Sports | March 13, 2020 3:07 pm

Is the World Series of Poker a Health Risk for Participants?

Concerns over the safety of the environment have been raised

World Series of Poker
Is the World Series of Poker putting its competitors at risk?
Dutch Boyd/Creative Commons

The last week has seen an abundance of high-profile events being canceled, postponed or otherwise altered — ranging from major sporting events to literary festivals. One that still appears to be going strong, however, is the World Series of Poker. The 51st edition of this competition is set to begin on May 26 in Las Vegas.

A new article by Chris Baud in Deadspin makes a convincing case that this might be a bad idea. Why? Because the very nature of poker games involve long stretches where players sit in close proximity to one another and pass cards back and forth. It could very well be, as Baud phrases it, “the ultimate breeding ground for a deadly virus.”

Baud also notes that the World Series of Poker has yet to provide any additional information on their COVID-19 preparedness.

On Feb. 27, the WSOP account on Twitter responded to a user: “We are monitoring COVID-19 developments and have no plans to cancel WSOP.” Since then, it’s been radio silence.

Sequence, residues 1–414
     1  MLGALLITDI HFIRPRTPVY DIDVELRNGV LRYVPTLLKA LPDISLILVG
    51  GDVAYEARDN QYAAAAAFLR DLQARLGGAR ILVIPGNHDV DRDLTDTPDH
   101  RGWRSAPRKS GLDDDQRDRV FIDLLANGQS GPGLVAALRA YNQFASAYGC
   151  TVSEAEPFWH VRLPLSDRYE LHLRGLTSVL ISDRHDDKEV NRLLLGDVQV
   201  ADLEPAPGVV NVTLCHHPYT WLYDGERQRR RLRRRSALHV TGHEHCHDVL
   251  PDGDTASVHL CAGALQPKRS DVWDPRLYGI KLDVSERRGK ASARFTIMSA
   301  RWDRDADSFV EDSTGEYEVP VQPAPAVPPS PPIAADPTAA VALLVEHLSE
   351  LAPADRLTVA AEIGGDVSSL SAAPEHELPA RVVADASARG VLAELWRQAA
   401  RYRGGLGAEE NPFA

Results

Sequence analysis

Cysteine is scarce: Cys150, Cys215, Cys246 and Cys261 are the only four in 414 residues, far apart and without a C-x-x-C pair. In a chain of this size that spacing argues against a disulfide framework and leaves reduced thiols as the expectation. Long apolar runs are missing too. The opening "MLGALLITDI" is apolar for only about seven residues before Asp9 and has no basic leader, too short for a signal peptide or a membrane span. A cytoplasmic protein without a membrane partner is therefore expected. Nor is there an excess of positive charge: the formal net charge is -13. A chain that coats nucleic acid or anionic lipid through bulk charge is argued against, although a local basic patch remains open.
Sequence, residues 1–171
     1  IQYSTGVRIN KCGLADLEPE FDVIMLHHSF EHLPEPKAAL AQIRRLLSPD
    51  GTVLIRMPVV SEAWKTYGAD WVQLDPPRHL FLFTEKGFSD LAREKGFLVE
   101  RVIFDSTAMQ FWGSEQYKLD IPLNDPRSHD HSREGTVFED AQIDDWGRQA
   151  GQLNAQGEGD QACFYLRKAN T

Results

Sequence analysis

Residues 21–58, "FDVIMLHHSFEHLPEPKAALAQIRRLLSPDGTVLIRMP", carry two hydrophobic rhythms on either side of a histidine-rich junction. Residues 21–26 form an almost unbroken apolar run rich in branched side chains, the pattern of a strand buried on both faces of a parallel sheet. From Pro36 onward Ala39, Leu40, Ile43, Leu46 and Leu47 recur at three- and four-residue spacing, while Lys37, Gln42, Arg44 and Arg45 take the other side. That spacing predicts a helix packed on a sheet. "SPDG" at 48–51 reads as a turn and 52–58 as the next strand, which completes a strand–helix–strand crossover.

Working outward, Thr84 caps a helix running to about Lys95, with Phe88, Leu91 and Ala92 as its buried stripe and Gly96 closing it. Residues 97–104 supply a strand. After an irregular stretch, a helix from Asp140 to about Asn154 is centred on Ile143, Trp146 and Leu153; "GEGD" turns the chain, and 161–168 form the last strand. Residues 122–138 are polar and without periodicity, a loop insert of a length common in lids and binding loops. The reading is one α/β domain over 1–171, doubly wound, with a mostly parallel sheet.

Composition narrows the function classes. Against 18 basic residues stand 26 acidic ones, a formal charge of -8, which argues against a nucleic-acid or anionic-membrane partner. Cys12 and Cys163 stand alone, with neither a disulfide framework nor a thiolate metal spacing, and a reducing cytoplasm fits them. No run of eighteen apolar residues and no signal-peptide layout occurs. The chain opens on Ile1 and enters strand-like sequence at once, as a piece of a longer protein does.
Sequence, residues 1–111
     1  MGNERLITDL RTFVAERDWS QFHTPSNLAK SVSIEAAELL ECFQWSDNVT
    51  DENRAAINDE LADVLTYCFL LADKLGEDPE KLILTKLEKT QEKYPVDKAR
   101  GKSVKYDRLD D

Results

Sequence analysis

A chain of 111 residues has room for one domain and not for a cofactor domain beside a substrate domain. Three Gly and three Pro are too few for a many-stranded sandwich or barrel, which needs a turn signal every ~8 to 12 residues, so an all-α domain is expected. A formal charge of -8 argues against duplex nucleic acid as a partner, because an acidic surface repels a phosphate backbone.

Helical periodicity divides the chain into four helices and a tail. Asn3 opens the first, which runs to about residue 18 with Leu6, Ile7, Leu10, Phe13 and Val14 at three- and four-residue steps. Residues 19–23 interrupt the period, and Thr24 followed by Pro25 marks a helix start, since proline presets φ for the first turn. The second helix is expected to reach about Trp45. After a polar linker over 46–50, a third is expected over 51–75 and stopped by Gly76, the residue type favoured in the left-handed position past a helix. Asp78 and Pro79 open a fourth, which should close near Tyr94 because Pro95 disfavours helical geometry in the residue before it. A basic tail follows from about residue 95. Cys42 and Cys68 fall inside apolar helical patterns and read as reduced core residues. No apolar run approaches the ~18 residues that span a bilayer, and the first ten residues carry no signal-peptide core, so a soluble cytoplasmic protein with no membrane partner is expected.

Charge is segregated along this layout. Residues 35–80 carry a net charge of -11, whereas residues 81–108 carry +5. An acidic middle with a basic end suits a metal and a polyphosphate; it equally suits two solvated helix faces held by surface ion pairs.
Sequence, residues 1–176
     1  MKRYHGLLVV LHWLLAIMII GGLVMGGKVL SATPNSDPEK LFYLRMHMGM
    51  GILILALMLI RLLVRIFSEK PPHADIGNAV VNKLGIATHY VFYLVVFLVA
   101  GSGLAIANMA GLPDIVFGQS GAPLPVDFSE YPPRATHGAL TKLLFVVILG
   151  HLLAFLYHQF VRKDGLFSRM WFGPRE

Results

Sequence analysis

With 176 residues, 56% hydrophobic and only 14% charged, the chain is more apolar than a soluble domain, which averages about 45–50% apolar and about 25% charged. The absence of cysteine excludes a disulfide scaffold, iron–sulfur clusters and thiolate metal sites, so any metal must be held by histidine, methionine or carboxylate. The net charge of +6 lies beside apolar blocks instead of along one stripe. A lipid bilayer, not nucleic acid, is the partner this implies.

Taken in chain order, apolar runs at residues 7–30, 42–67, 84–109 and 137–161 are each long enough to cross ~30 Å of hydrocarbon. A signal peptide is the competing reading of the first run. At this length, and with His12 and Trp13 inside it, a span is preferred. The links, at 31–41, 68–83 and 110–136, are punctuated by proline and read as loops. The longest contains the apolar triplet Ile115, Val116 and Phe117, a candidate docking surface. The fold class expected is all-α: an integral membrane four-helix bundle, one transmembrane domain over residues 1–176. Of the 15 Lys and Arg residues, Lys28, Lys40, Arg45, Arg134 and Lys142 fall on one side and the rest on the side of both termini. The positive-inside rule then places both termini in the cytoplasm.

Given that this is at a time when entities from the New York Public Library to Chop’t are being very transparent about their coronavirus plans, this lack of communication feels particularly disconcerting.

Earlier today, the World Series of Poker did announce the postponement of some upcoming events, however.

But the WSOP’s website and Twitter feed don’t have any other information on postponements or rescheduled events. It’s a confusing dearth of information — and one that could have dangerous consequences.

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